Wednesday, June 15, 2022
Farm Service Agency Now Accepting Nominations for Farmers and Ranchers to Serve on Local County Committees
The U.S. Department of Agriculture (USDA) Farm Service Agency (FSA) is now accepting nominations for county committee members. Elections will occur in certain Local Administrative Areas (LAA) for members. LAAs are elective areas for FSA committees in a single county or multi-county jurisdiction. This may include LAAs that are focused on an urban or suburban area.
County committee members make important decisions about how Federal farm programs are administered locally. All nomination forms for the 2022 election must be postmarked or received in the local FSA office by Aug. 1, 2022.
“It is a priority for USDA to integrate equity into its decision-making and policymaking, and that starts with our local FSA county committees,” said Blong Xiong State Executive Director for FSA in California. “We need enthusiastic, diverse leaders to serve other agricultural producers on these committees as we work to build equitable systems and programming inclusive of all employees and all of our customers. I ask that you consider making a difference in your community by nominating yourself, or another agricultural producer, to serve on your local FSA county committee.”
Blong said agricultural producers who participate or cooperate in a USDA program and reside in the LAA that is up for election this year, may be nominated for candidacy for the county committee. A cooperating producer is someone who has provided information about their farming or ranching operation to FSA, even if they have not applied or received program benefits. Individuals may nominate themselves or others and qualifying organizations may also nominate candidates. USDA encourages minority producers, women, and beginning farmers or ranchers to nominate, vote and hold office.
Nationwide, more than 7,700 dedicated members of the agricultural community serve on FSA county committees. The committees are made up of three to 11 members who serve three-year terms. Producers serving on FSA county committees play a critical role in the day-to-day operations of the agency. Committee members are vital to how FSA carries out disaster programs, as well as conservation, commodity and price support programs, county office employment and other agricultural issues.
Urban and Suburban County Committees
The 2018 Farm Bill directed USDA to form urban county committees as well as make other advancements related to urban agriculture, including the establishment of the Office of Urban Agriculture and Innovative Production. FSA established county committees specifically focused on urban agriculture. The urban county committees will work to encourage and promote urban, indoor and other emerging agricultural production practices. Additionally, the new county committees may address areas such as food access, community engagement, support of local activities to promote and encourage community compost and food waste reduction.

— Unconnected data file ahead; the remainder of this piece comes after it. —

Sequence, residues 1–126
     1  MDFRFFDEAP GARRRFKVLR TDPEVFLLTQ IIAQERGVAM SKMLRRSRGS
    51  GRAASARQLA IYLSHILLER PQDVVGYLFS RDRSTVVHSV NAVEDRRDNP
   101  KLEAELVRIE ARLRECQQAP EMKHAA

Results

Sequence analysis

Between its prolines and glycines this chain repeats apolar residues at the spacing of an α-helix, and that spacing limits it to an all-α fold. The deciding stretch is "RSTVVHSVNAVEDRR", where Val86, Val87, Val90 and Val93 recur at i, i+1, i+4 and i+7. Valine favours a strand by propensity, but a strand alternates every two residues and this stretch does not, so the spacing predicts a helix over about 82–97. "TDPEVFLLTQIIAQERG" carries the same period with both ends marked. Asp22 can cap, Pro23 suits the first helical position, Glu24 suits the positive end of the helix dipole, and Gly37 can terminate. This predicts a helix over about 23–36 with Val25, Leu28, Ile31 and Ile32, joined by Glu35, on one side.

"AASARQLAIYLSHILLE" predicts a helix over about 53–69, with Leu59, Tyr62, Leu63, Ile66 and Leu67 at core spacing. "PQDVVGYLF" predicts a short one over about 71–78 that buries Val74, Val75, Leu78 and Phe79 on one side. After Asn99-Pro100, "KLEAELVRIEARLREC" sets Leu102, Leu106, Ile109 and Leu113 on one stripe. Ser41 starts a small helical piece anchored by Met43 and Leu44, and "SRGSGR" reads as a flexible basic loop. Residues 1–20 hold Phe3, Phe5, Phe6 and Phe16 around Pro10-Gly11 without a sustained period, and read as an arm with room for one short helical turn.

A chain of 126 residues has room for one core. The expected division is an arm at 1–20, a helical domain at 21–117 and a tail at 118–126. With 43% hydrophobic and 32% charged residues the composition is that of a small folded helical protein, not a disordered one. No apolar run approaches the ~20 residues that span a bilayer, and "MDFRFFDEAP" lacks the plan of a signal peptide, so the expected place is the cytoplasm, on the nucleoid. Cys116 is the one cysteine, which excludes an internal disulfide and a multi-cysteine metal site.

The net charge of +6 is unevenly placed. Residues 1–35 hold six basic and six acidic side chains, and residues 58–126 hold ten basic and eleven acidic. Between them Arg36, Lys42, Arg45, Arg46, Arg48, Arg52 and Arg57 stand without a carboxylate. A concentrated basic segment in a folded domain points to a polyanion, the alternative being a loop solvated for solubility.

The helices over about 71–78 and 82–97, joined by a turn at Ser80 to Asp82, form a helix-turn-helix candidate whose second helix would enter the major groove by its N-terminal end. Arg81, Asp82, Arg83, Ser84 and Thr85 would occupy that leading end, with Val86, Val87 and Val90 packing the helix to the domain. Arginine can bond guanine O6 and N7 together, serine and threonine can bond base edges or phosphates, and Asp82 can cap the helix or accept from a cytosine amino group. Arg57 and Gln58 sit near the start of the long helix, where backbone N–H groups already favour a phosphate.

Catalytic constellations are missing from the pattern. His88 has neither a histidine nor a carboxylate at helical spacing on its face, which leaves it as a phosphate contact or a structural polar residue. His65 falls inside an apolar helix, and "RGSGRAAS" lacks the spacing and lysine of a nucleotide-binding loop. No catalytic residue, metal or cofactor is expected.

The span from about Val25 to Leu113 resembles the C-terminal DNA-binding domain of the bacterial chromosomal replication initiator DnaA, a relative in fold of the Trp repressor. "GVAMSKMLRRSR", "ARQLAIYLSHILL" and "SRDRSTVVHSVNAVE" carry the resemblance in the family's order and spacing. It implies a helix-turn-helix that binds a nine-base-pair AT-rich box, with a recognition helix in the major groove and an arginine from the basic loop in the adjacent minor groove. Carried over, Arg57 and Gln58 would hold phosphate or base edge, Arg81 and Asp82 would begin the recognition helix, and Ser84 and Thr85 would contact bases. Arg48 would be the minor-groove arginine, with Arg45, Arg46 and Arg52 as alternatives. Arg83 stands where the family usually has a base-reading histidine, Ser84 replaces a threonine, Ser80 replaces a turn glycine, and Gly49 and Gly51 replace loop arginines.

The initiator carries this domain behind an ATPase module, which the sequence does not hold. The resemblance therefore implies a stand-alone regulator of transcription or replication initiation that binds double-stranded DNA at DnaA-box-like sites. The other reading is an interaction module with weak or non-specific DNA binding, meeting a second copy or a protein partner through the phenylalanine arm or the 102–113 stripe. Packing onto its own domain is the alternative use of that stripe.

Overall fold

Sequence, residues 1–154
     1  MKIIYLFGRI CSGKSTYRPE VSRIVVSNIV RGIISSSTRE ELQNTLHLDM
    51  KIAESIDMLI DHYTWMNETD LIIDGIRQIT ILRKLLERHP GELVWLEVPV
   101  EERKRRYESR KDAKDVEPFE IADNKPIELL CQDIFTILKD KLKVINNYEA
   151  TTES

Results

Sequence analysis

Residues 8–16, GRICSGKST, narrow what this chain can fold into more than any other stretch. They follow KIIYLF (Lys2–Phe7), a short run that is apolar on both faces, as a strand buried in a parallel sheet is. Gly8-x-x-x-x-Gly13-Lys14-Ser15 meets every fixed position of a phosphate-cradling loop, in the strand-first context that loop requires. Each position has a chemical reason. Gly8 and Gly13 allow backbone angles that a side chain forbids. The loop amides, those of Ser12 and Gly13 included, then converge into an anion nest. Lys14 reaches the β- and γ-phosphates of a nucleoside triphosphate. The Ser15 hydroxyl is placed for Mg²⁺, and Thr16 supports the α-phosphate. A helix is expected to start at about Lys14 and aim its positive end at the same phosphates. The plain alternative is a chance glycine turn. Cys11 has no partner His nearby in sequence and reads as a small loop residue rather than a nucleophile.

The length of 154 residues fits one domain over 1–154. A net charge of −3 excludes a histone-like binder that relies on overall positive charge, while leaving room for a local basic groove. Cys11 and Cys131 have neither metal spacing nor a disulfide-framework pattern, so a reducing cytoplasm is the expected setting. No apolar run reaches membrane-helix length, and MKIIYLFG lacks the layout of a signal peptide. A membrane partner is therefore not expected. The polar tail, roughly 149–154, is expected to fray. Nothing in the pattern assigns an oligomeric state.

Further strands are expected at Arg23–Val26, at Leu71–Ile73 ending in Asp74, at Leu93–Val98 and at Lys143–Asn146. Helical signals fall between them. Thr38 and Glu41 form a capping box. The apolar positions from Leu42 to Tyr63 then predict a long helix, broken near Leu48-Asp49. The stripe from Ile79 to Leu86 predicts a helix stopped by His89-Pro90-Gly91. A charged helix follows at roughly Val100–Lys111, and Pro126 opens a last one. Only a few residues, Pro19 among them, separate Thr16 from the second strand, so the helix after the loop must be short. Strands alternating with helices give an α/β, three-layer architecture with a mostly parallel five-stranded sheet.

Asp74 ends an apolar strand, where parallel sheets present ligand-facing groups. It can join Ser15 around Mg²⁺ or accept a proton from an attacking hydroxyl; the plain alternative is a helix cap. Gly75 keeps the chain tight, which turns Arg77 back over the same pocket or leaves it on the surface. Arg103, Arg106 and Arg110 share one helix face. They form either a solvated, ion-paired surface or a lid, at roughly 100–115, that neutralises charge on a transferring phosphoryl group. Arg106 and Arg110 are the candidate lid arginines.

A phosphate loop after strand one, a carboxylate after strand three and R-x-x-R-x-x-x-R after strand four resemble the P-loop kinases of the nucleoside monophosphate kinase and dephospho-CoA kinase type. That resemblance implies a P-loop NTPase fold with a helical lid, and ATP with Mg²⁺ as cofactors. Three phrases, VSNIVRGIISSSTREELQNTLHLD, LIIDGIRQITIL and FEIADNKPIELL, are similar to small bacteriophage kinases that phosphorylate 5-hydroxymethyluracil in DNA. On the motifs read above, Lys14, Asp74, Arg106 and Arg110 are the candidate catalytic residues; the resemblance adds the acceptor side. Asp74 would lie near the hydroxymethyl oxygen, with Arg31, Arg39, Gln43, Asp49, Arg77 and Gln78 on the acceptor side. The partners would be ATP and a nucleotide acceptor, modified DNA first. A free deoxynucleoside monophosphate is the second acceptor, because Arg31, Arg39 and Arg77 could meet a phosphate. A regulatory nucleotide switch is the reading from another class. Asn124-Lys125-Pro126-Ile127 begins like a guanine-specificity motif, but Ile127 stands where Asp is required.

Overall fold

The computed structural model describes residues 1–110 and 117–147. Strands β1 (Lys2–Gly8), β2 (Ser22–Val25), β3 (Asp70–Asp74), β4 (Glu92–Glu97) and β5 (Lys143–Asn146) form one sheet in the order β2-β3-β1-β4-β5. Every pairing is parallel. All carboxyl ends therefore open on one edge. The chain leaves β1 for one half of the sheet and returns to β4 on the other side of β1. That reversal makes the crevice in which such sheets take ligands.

Urban committee members are nominated and elected to serve by local urban producers in the same jurisdiction. Urban county committee members will provide outreach to ensure urban producers understand USDA programs and serve as the voice of other urban producers and assist in program implementation that support the needs of the growing urban community.
USDA recently announced six new urban county committees in Chicago, Detroit, Grand Rapids, Los Angeles, Brooklyn, and Oakland. Elections will be held for these locations at a later date.
Learn more at farmers.gov/urban.
Producers should contact their local FSA office today to register and find out how to get involved in their county’s election, including if their LAA is up for election this year. To be considered, a producer must be registered and sign an FSA-669A nomination form. Urban farmers should use an FSA-669-A-3 for urban county committees. The form and other information about FSA county committee elections are available at fsa.usda.gov/elections.
Election ballots will be mailed to eligible voters beginning Nov. 7, 2022. Producers can find their local USDA Service Center at farmers.gov/service-locator.
USDA touches the lives of all Americans each day in so many positive ways. In the Biden-Harris administration, USDA is transforming America’s food system with a greater focus on more resilient local and regional food production, fairer markets for all producers, ensuring access to safe, healthy and nutritious food in all communities, building new markets and streams of income for farmers and producers using climate smart food and forestry practices, making historic investments in infrastructure and clean energy capabilities in rural America, and committing to equity across the Department by removing systemic barriers and building a workforce more representative of America. To learn more, visit www.usda.gov.
USDA is an equal opportunity provider, employer and lender.
Source: USDA Farm Service Agency